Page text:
Killer Machines? Robots Could Wipe Out Invasive Lionfish in the Atlantic
Together with other conservationists, iRobot's CEO, Colin Angle formed a non-profit group called Robots in the Service of the Environment (RISE), they aim to "wipe out" invasive lionfish through their robot inventions.
Lionfish or Pterois genus are commonly seen in aquariums, and while they do not seem to harm when enclosed in tanks, it is a different story when they are back in the wild. Recently, the population of lionfish has been growing rapidly in the Atlantic and are now invading the area.
Also, being predators, lionfish preys on smaller fish, including native fish in that area, which results to declining numbers of the latter. Thus, the invasive lionfish poses as a threat to the marine ecosystem of the Western Atlantic.
There are ways being used to reduce lionfish's numbers, ranging from hunting expeditions, training sharks to making lionfish as jewelry; but perhaps, the most effective is the diving robots.
The robots are controlled via a remote camera and has a cage that will capture the lionfish after being "electrified" by the two small disks or electrodes situated in the front of the device. RISE aims to create a complete robot that features a collection of component systems, including an ROV platform, capture mechanism, control system, vision system, user interface, and more, according to their website.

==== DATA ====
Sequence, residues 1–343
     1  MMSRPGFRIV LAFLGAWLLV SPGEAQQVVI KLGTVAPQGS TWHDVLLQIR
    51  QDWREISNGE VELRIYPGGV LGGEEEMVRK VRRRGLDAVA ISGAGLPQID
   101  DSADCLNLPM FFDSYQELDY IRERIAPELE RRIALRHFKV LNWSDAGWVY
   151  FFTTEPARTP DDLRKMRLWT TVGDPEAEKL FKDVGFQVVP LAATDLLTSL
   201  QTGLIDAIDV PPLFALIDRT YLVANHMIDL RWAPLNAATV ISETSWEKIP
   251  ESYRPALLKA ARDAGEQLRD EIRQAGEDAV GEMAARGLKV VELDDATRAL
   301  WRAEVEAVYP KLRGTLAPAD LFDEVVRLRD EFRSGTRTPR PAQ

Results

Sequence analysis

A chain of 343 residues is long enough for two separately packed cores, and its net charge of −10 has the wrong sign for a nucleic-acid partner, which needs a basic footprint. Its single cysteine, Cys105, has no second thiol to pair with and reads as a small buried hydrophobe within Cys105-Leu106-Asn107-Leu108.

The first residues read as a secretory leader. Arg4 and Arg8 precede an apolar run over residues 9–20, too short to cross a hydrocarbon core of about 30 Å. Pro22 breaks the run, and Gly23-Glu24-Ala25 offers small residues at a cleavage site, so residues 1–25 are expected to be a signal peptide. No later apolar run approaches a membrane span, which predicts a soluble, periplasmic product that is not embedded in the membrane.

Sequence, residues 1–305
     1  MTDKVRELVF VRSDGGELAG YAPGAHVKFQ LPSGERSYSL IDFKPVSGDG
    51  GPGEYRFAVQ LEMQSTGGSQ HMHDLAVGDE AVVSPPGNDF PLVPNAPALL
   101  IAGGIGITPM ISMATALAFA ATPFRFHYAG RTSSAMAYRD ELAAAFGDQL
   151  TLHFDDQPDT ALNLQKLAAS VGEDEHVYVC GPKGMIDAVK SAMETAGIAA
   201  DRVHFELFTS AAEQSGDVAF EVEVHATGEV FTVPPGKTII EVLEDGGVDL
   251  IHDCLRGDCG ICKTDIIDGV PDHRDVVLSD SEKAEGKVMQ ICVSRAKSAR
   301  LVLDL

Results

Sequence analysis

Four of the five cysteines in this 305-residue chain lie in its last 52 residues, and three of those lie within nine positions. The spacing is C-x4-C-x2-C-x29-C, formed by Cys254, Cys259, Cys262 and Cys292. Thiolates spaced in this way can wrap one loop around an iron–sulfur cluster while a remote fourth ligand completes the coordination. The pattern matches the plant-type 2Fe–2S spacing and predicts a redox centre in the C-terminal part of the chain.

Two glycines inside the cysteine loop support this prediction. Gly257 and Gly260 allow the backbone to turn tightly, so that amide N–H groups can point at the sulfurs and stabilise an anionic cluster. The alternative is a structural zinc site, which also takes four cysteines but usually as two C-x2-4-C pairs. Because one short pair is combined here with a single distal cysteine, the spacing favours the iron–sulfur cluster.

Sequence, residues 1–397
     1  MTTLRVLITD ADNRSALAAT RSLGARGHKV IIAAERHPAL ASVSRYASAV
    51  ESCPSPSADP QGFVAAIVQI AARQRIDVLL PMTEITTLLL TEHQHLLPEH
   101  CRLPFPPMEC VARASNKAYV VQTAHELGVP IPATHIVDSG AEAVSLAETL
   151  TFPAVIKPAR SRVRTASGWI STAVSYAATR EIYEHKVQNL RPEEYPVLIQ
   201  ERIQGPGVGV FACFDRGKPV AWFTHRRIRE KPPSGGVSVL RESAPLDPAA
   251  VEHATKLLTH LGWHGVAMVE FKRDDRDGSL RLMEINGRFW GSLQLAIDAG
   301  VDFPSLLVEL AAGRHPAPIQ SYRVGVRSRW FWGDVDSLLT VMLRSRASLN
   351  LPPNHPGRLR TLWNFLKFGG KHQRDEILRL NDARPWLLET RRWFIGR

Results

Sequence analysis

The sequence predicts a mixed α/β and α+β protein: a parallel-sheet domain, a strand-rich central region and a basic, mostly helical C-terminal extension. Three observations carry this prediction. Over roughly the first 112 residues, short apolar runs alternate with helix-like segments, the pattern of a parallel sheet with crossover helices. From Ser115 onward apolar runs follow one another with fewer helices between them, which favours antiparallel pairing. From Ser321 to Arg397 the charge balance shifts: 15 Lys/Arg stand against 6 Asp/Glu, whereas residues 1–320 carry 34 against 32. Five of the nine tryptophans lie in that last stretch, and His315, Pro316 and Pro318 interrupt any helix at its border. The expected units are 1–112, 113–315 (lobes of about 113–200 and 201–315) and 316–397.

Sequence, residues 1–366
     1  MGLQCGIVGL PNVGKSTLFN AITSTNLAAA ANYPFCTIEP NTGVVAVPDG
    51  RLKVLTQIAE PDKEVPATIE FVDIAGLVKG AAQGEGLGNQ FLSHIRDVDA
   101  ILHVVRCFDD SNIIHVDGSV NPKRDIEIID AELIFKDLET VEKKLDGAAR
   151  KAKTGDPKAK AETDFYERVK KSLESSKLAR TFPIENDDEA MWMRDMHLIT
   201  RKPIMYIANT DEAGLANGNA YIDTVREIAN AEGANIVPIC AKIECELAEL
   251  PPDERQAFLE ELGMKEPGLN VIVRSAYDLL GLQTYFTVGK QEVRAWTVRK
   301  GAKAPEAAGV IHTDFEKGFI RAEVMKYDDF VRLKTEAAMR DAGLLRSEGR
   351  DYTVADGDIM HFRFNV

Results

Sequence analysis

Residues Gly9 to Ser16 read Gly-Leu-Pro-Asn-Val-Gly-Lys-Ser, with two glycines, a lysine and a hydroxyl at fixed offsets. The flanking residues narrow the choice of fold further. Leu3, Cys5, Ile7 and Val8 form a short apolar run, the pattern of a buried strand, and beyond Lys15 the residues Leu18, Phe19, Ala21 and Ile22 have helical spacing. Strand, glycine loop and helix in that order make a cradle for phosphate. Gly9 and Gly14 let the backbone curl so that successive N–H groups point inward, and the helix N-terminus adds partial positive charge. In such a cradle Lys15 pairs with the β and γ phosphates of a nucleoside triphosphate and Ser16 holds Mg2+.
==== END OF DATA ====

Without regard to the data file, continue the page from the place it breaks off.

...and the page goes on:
"Think of it as a video game," says RISE executive director John Rizzi told CNN. "It will be a tethered device with a control mechanism that you drop into the water," he says. "You drive the ROV until you see the fish -- a lot of the technology is in the cameras -- then you drive the ROV onto the fish and press the trigger."
Lionfish is covered with bold stripes and their fins have arranged rows of venomous spines. It can grown from 2 to 17.7 inches (5 and 45 centimeters) long and weighs up to 2.9 pounds (1.3 kilograms). What makes lionfish so notorious is the fact that in the Atlantic, they are never preys. Divers cannot even just go to hunt them as these fish can go deeper in the ocean.
"The average recreational diver stays close to shore and can only dive to 80 to 100 feet [24 to 30 meters]," Rizzi, explained to Live Science. "Big colonies of lionfish have been found down to 900 feet [274 m]. We believe this device is the only way to economically kill populations off at greater depths."
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